by Chuck Colson

Police in Newport News, Virginia, were weary of answering calls about burglars and drug dealers in a rundown housing project. Finally, the project was scheduled for demolition, and in preparation for the new construction, police decided to clean up the area: They carted away trash, removed abandoned cars, filled in potholes. To everyone's surprise, as soon as the housecleaning began, burglary rates dropped 35 percent. The police department had inadvertently stumbled on a fresh approach to crime--a formula that is being adopted around the country under the rubric of community policing. Instead of waiting for crimes to occur, police are addressing problems that often attract crime: general disorder and decay. Supporters of the new philosophy may not know it, but they are reviving a classic Christian understanding that crime is not only an individual act but also a violation of the social order. Hence, one of the best ways to fight crime is to restore order. Not long ago, New York City's Precinct 75 was one of the most dangerous places in America. Then the NYPD decided to show zero tolerance for any violation of public order. Officers stopped all traffic violators (which often led to finding drugs and guns). They chased away loiterers (who often turned out to be drug dealers looking for a sale). In three years, homicides dropped from 125 to 47. After a gunfight in a Baltimore housing project, police worked with local agencies to upgrade street lighting, trim shrubbery, clean alleys, build a playground. Burglaries were reduced 80 percent, auto larceny 100 percent. These success stories illustrated what criminologist James Q. Wilson calls the broken-window theory. Sociologists have discovered that if a window in a building is broken and left unrepaired, in a short time all the windows will be broken. Why? Because a smashed window sends a message that no one cares, that further vandalism will incur no penalty. And once a neighborhood tolerates minor violations like window-breaking, soon serious crime follows. The job of the police used to include fixing broken windows--that is, maintaining public order. According to Eric Monkkonen in Police in Urban America: 1860-1920, police developed the first food and soup lines. They built police stations with extra space where migrants could stay until they found work. They referred beggars to charitable agencies. And yes, they helped lost children find their way home. But beginning in the early twentieth century, the role of the police was increasingly restricted: They were only to combat crime. They were to wait until called on the telephone. The final blow fell when the Supreme Court struck down an antivagrancy statute in 1972 and a statute against loitering in 1983. A domino effect followed as lower courts overturned state and municipal laws designed to restrain behavior in public places. Many major cities stood by helplessly as streets, parks, and subways succumbed to antisocial behavior, such as scribbling of graffiti and panhandling. These were soon followed by outright criminal behavior, such as assault and robbery. To reverse the destruction of our cities, we need to revive the classic Christian understanding of order. The biblical word shalom does not mean merely the absence of conflict: it means the establishment of right relationships--of justice and harmony. As Augustine wrote, true peace does not mean merely eliminating violence, it means establishing a just order--the "tranquillity of order." This principle holds in virtually any social situation. When I visit prisons, I witness a vivid difference in institutions that demand order: where floors are shiny and bunks are neat, morale is noticeably higher. Schools experience the same effect when they maintain dress and behavior codes. When a neighborhood enforces high standards of order, it can effectively discourage crime within its borders. To cite another great Christian authority, William Wilberforce noted that "the most efficient way to prevent the greater crime are by punishing the smaller, and by endeavoring to repress the general spirit of licentiousness, which is the parent of every kind of vice." Fortunately, we don't have to wait for our local police forces to catch on. Last year in Montgomery, Alabama, fifty Christian teenagers descended on a neighborhood determined to tackle a common allurement to crime: overgrown bushes that provide hiding places for vandals, burglars, and muggers. Armed with hedge clippers and weed whackers, the teens trimmed towering hedges and thinned lowhanging tree branches. They even replaced burnedout lights and installed peepholes in doors. The project was called Youth Cutting Down on Crime, and it was organized by the Montgomery chapter of Neighbors Who Care, a Prison Fellowship ministry that mobilized churches to provide practical assistance to crime victims. Like most other Americans, Christians are concerned about rising crime rates. But unlike other Americans, we have a philosophy that gives us a larger answer than merely arresting more people and building bigger prisons. An effective strategy against crime must start by asking fundamental philosophical questions: What is the right order of society? Investing time and money in building a rightly ordered society is the most powerful antidote to chaos and crime. More important, it is a powerful witness to the biblical ideal of shalom in a decaying world.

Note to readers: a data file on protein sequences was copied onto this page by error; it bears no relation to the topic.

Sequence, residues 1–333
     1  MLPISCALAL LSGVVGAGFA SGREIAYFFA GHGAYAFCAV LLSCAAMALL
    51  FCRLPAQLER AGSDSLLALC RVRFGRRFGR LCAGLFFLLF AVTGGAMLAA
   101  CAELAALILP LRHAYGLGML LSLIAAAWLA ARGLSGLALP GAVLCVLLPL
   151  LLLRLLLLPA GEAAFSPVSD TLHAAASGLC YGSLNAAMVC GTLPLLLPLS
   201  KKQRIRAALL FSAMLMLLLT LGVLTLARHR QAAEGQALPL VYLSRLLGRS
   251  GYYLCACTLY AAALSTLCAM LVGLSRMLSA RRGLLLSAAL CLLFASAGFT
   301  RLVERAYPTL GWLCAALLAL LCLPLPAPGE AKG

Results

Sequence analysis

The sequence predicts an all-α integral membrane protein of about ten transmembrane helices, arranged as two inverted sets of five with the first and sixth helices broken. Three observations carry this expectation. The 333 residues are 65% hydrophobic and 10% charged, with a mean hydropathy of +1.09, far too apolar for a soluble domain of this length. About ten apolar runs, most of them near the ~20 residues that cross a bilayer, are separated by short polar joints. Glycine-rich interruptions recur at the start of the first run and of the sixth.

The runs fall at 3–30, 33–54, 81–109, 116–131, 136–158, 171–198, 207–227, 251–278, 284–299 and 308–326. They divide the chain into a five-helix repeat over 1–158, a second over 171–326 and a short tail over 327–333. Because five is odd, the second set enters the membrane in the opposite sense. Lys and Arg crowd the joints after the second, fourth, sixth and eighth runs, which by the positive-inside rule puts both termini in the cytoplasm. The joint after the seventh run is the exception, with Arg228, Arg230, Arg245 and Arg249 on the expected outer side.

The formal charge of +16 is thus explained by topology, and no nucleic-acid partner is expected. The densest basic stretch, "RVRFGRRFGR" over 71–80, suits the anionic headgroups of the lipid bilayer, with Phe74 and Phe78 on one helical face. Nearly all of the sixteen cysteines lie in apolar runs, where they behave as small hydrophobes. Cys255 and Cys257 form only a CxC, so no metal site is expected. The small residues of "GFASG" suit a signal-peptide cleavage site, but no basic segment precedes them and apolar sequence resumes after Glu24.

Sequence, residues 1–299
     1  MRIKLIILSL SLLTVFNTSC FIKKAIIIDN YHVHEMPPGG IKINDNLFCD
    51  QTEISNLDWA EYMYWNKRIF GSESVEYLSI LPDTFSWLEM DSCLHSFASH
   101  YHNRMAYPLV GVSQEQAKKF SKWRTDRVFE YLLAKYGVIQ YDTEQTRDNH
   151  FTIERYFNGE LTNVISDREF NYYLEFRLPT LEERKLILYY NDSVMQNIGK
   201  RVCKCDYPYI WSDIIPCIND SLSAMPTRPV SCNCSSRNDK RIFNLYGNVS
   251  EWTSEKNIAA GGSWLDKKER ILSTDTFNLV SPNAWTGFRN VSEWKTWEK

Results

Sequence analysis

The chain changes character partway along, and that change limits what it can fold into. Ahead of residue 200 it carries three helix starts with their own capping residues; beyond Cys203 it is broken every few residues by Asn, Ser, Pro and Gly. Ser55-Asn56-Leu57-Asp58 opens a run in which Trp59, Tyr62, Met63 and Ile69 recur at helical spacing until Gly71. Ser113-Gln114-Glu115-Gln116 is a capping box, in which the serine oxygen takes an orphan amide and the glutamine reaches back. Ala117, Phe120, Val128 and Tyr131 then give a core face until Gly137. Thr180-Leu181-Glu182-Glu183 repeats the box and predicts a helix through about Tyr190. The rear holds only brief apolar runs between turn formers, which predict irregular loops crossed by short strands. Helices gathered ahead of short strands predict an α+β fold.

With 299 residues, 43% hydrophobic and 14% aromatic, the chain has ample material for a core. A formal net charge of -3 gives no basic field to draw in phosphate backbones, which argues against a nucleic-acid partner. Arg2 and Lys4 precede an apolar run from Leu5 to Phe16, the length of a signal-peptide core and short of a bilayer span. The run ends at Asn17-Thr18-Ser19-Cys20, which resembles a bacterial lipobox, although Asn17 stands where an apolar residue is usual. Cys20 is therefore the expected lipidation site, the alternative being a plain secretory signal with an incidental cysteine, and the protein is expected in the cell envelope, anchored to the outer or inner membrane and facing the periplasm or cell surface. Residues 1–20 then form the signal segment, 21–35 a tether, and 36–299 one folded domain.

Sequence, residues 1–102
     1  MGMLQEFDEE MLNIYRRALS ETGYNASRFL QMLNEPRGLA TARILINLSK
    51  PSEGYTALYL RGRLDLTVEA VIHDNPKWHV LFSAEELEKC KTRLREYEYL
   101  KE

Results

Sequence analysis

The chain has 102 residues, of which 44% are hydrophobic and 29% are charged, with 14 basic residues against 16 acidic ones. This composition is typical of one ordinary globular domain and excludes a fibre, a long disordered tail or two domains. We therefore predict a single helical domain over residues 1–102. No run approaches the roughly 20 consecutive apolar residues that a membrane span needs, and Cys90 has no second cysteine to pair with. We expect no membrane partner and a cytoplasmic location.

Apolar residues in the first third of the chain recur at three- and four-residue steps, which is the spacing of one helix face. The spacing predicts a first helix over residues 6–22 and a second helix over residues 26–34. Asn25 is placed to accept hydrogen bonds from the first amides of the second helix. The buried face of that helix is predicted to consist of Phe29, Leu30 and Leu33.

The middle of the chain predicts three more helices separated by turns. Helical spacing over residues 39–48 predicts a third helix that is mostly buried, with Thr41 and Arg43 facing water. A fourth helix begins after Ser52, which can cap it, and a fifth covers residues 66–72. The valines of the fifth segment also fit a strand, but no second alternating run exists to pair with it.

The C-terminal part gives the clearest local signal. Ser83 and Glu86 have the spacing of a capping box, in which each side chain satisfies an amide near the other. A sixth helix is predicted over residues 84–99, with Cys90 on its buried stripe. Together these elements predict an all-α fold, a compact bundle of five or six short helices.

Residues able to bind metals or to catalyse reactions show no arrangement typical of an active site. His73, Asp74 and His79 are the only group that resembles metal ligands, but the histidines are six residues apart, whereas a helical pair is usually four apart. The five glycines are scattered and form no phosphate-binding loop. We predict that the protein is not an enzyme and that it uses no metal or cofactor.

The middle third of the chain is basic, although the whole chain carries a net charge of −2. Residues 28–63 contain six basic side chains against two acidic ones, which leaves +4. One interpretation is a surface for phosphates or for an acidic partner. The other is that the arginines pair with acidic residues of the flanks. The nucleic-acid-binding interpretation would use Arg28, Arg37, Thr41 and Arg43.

Reprinted by permission, Christianity Today